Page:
Effects of surfactants on the motion and deformation of a droplet in thermocapillary migration

Ali Nadim, Ali Borhan

Research output: Contribution to journalConference article

13 Citations (Scopus)

Abstract

We examine the effects of surfactants on the terminal velocity and the shape of a droplet translating in an unbounded, otherwise quiescent liquid, under the influence of an externally imposed constant temperature gradient. It is assumed that the droplet surface tension depends much more weakly on the surfactant concentration than on the temperature. In such a circumstance and assuming no bulk transport, the surface concentration of the surfactant can be found exactly for all Peclet numbers, confirming the intuitively expected result that the surfactant tends to accumulate near the low temperature side of the droplet. This, in turn, partially lowers the surface tension on that side, thereby decreasing the terminal migration velocity of the droplet as a whole. At the same time, to first order in capillary number, the droplet assumes a prolate spheroidal shape.

Original languageEnglish (US)
Pages (from-to)753-764
Number of pages12
JournalPCH. Physicochemical hydrodynamics
Volume11
Issue number5-6
StatePublished - Dec 1 1989
Event7th International Physicochemical Hydrodynamics Conference - Cambridge, MA, USA
Duration: Jun 1 1989Jun 1 1989

Fingerprint

thermocapillary migration
Surface-Active Agents
Surface active agents
surfactants
interfacial tension
Surface tension
terminal velocity
Peclet number
translating
Phosmet
temperature gradients
Thermal gradients
liquids
Temperature
Liquids

All Science Journal Classification (ASJC) codes

  • Engineering(all)

Cite this

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abstract = "We examine the effects of surfactants on the terminal velocity and the shape of a droplet translating in an unbounded, otherwise quiescent liquid, under the influence of an externally imposed constant temperature gradient. It is assumed that the droplet surface tension depends much more weakly on the surfactant concentration than on the temperature. In such a circumstance and assuming no bulk transport, the surface concentration of the surfactant can be found exactly for all Peclet numbers, confirming the intuitively expected result that the surfactant tends to accumulate near the low temperature side of the droplet. This, in turn, partially lowers the surface tension on that side, thereby decreasing the terminal migration velocity of the droplet as a whole. At the same time, to first order in capillary number, the droplet assumes a prolate spheroidal shape.",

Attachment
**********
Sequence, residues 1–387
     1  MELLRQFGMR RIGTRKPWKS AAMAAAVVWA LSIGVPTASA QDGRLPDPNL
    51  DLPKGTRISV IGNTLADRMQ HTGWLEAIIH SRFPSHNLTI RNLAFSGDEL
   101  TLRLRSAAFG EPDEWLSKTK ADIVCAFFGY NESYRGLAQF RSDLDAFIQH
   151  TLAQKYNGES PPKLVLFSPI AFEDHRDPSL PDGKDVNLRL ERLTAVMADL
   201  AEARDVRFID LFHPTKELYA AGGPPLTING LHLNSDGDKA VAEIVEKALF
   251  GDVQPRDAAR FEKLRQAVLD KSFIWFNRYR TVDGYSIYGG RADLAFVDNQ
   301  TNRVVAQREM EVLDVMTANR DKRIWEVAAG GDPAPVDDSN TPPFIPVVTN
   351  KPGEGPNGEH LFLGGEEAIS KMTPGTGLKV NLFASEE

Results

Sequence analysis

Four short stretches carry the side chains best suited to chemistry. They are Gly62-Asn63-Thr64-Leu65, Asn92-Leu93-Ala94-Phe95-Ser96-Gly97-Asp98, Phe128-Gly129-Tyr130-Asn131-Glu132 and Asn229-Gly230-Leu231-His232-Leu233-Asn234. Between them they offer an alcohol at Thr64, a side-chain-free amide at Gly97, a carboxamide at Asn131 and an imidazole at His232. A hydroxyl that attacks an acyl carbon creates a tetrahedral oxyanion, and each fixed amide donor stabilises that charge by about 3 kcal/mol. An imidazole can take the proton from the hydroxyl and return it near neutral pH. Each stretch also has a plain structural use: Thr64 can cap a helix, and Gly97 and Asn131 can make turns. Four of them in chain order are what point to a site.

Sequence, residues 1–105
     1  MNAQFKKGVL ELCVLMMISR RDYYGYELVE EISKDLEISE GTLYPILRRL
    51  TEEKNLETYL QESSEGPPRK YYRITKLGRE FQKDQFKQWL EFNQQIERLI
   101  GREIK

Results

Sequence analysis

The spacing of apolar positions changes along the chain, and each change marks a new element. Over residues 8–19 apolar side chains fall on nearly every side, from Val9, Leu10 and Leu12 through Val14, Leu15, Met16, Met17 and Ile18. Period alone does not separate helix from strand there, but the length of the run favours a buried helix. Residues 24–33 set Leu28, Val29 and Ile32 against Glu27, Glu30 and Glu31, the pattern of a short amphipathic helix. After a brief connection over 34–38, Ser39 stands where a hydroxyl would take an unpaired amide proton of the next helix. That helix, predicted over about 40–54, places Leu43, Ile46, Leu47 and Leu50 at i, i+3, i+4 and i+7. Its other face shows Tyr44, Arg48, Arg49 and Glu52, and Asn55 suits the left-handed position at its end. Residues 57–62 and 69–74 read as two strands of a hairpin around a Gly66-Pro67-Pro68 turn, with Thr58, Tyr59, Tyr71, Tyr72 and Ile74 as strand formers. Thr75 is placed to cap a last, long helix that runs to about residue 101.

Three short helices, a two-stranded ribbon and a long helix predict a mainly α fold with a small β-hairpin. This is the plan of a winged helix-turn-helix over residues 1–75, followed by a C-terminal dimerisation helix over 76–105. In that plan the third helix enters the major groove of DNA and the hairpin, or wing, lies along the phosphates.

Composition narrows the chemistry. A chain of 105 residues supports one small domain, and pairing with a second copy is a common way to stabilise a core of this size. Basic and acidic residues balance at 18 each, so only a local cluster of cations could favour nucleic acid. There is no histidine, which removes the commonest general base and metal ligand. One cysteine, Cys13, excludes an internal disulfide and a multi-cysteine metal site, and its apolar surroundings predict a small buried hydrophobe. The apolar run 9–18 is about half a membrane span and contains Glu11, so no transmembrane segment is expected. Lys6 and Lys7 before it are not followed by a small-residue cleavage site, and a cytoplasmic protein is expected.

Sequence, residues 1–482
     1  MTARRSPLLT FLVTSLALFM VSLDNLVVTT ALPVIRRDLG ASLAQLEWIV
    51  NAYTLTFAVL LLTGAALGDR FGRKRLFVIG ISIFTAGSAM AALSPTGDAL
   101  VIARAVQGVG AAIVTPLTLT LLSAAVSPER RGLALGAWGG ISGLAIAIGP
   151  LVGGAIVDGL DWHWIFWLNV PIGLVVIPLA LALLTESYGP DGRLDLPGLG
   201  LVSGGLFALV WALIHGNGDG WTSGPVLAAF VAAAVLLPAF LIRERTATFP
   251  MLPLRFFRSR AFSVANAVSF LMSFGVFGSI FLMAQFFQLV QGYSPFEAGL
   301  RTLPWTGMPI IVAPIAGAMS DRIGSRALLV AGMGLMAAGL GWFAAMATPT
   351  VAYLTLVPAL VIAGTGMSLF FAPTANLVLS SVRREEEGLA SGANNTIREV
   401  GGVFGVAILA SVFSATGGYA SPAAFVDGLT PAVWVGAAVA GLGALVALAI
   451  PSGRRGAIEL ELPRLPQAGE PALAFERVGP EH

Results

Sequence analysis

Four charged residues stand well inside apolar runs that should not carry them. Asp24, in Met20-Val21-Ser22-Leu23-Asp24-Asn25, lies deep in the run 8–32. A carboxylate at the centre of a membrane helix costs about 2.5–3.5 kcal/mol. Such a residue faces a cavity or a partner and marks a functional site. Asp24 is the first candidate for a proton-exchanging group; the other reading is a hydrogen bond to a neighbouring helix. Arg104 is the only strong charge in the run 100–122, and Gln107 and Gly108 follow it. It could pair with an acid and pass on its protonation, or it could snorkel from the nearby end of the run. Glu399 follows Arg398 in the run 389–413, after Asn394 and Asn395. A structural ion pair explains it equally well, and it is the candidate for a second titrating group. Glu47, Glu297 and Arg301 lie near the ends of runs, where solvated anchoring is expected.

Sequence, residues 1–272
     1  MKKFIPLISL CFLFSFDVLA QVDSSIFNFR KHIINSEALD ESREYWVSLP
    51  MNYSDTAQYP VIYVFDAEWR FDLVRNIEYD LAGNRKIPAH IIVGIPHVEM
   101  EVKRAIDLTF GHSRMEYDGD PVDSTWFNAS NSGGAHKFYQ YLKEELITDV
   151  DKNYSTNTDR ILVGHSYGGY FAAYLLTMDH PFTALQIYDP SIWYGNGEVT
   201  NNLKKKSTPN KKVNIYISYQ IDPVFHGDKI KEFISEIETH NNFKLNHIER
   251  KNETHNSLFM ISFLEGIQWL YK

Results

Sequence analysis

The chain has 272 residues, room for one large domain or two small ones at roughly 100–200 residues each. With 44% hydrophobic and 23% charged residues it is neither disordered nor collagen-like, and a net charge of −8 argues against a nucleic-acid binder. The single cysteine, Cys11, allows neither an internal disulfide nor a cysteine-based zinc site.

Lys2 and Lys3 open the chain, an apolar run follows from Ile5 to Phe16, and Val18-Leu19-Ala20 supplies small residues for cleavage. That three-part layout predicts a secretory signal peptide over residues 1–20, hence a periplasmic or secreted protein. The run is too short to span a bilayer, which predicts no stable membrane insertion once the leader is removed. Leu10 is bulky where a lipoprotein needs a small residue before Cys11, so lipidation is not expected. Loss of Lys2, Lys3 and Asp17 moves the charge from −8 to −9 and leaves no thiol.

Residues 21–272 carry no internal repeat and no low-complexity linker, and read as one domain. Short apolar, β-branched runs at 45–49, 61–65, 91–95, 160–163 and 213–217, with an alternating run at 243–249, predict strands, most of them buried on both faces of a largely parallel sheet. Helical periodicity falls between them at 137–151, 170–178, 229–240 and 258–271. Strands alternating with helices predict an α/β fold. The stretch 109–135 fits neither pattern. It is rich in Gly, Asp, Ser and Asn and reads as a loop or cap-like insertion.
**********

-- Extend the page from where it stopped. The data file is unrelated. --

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Effects of surfactants on the motion and deformation of a droplet in thermocapillary migration. / Nadim, Ali; Borhan, Ali.

In: PCH. Physicochemical hydrodynamics, Vol. 11, No. 5-6, 01.12.1989, p. 753-764.

Research output: Contribution to journalConference article

TY - JOUR

T1 - Effects of surfactants on the motion and deformation of a droplet in thermocapillary migration

AU - Nadim, Ali

AU - Borhan, Ali

PY - 1989/12/1

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N2 - We examine the effects of surfactants on the terminal velocity and the shape of a droplet translating in an unbounded, otherwise quiescent liquid, under the influence of an externally imposed constant temperature gradient. It is assumed that the droplet surface tension depends much more weakly on the surfactant concentration than on the temperature. In such a circumstance and assuming no bulk transport, the surface concentration of the surfactant can be found exactly for all Peclet numbers, confirming the intuitively expected result that the surfactant tends to accumulate near the low temperature side of the droplet. This, in turn, partially lowers the surface tension on that side, thereby decreasing the terminal migration velocity of the droplet as a whole. At the same time, to first order in capillary number, the droplet assumes a prolate spheroidal shape.

AB - We examine the effects of surfactants on the terminal velocity and the shape of a droplet translating in an unbounded, otherwise quiescent liquid, under the influence of an externally imposed constant temperature gradient. It is assumed that the droplet surface tension depends much more weakly on the surfactant concentration than on the temperature. In such a circumstance and assuming no bulk transport, the surface concentration of the surfactant can be found exactly for all Peclet numbers, confirming the intuitively expected result that the surfactant tends to accumulate near the low temperature side of the droplet. This, in turn, partially lowers the surface tension on that side, thereby decreasing the terminal migration velocity of the droplet as a whole. At the same time, to first order in capillary number, the droplet assumes a prolate spheroidal shape.

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